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Does loading a webextension’s background.js script impact performance, even if the script’s contents are minimal?

When installing a webextension, does the mere existence of a background.js file negatively impact performance* at all, considering that it is a separate javascript file that must be loaded?

For most practical cases one could assume the answer is “pretty much No,” but in the case of an older computer with less processing power, and a browser that could have dozens to hundreds of extensions, is it possible the cumulative strain of loading all those scripts in the background could produce a sizable impact, even if the contents of the scripts are not particularly resource-heavy?

From a CS standpoint does the very act of loading the javascript file impact performance, or is it only when code inside the file is executed that system resources are used?

In other words, to choose the most lightweight webextension possible, should one avoid background.js files, or does it not matter at all?

*in terms of CPU usage, RAM usage, browser startup time, or page load time

Answer

The answer to this question can be yes, no, and maybe, depending on what specifically those extensions do in their background scripts, and what the user does. Some negatives are always present though.

When the browser starts:

  • When the browser starts it reads all the extensions and every file inside to verify the hashsum (CRC) so just this will be slow, especially on a non-SSD drive.
  • Creating a new JS environment for each background script also takes time, roughly 50ms or 20 extensions per second on one CPU thread/core.

When the browser already runs:

  • If an extension’s background script is declared as non-persistent, it will load it each time the popup is shown or a registered API event is fired, then it’ll be unloaded.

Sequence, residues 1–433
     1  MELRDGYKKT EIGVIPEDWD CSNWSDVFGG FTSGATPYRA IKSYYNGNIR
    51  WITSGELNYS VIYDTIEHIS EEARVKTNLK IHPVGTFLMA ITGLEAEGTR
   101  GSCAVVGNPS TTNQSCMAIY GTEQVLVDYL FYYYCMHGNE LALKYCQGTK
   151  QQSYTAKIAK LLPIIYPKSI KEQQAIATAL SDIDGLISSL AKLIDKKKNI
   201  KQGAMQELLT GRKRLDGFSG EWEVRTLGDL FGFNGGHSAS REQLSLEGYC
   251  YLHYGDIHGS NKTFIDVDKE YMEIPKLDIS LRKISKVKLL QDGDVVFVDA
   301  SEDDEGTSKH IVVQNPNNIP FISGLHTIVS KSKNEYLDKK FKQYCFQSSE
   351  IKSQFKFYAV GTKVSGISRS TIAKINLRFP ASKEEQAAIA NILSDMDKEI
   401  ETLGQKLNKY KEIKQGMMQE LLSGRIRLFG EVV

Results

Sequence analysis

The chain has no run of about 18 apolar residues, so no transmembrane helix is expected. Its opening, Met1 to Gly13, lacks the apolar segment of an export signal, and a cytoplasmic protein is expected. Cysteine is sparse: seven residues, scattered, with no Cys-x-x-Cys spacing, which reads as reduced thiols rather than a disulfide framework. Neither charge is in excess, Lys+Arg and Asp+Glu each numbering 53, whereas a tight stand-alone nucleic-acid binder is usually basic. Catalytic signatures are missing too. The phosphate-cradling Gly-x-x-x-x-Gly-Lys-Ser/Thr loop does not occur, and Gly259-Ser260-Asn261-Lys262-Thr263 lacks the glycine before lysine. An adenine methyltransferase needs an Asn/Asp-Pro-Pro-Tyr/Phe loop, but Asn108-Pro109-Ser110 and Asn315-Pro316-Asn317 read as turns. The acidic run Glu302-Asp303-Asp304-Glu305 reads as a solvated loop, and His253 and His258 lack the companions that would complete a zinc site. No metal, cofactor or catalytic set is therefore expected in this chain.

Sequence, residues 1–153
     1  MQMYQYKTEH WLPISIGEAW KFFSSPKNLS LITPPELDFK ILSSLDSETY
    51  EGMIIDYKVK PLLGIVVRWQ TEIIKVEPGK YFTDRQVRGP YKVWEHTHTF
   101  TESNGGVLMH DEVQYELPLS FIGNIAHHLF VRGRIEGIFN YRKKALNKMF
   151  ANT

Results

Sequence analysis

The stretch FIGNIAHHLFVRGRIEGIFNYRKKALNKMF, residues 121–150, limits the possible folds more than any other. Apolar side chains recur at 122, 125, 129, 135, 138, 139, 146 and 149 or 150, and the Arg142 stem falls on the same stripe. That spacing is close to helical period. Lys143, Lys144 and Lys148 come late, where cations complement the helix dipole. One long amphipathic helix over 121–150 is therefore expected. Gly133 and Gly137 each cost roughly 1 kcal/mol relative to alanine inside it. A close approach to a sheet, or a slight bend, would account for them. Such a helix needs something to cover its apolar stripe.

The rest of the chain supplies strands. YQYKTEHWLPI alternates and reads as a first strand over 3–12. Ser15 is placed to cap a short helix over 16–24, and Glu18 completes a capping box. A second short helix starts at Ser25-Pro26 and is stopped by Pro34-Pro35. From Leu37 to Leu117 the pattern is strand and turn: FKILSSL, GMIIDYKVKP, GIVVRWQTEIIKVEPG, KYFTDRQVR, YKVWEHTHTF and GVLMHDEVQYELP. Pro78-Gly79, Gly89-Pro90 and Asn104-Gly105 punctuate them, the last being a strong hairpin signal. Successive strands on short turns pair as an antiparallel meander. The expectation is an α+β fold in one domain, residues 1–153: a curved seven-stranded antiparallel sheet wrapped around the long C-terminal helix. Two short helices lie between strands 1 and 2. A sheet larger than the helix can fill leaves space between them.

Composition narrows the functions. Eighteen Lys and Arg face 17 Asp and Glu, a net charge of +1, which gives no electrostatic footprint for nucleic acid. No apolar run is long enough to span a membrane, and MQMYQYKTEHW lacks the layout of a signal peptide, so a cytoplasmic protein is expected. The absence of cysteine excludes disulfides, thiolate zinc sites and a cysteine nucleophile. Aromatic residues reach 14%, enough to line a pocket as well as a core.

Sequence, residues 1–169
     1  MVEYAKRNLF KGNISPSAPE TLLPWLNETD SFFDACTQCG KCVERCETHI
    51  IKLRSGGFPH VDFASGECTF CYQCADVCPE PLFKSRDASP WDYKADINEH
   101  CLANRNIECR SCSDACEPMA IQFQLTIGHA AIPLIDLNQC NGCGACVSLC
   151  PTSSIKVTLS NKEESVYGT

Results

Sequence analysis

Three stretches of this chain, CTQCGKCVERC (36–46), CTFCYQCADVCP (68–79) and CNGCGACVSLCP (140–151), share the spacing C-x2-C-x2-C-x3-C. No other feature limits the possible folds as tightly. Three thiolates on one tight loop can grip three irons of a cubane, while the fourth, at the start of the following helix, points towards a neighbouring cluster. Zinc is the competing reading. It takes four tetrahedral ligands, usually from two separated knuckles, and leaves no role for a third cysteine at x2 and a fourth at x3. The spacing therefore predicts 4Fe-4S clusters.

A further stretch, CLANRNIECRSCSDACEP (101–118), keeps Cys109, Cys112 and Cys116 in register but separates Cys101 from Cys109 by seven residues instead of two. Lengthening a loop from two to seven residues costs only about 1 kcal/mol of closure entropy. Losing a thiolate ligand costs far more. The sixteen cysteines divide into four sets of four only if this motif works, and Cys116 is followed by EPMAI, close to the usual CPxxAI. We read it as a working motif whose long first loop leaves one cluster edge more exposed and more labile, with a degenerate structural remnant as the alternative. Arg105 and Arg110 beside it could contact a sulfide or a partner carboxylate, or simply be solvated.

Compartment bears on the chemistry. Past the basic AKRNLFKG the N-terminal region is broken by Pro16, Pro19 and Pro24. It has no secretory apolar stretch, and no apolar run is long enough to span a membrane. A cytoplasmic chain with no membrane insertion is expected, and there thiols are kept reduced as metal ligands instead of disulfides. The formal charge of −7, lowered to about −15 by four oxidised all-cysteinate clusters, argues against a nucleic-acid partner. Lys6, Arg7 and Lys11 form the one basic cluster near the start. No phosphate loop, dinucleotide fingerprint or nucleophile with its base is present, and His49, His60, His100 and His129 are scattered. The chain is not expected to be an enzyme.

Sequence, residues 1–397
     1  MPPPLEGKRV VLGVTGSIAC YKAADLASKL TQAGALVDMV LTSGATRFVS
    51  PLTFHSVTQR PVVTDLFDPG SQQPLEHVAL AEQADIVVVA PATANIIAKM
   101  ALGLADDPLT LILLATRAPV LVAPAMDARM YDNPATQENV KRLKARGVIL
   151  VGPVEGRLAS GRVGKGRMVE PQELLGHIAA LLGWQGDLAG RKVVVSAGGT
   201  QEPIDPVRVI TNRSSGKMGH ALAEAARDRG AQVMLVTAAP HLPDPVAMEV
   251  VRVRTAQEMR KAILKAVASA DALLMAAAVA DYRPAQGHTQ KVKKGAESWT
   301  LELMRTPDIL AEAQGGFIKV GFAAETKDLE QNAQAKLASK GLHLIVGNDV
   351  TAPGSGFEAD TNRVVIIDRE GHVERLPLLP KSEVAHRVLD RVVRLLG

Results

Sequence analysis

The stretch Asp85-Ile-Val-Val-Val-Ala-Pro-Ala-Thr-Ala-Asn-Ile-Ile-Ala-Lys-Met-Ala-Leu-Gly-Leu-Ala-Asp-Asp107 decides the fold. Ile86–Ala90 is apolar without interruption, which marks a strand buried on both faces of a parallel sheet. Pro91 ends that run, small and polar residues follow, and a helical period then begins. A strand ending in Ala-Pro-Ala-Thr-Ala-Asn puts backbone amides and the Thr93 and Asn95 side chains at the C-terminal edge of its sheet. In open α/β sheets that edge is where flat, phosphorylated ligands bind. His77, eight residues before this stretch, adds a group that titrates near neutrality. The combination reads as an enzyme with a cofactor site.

• If the background script is persistent (it always is in Firefox), which is the default mode when the author doesn’t redefine it, the background script won’t unload when the extension is unused and will consume 10-20 MB or sometimes much more if the extension has a bug or there’s a bug in the browser. Hundreds of extensions will consume gigabytes of RAM which reduces the amount of available memory for your web pages and other apps.
  • The background script of each extension runs in its extension’s process allocated by the OS, but browsers try to limit the number of system processes they use to avoid crashing the OS, so when there are many extensions the browser will reduce the amount of processes it uses to isolate normal web sites and if there are many tabs with different sites it’ll start grouping unrelated sites in one system process, thus reducing their resistance against side-channel attacks like Spectre. Depending on the browser and its version, the extensions may be also grouped in one system process, which is even worse as they are allowed to use various secure API that can manage user data so a successful side-channel attack is more damaging.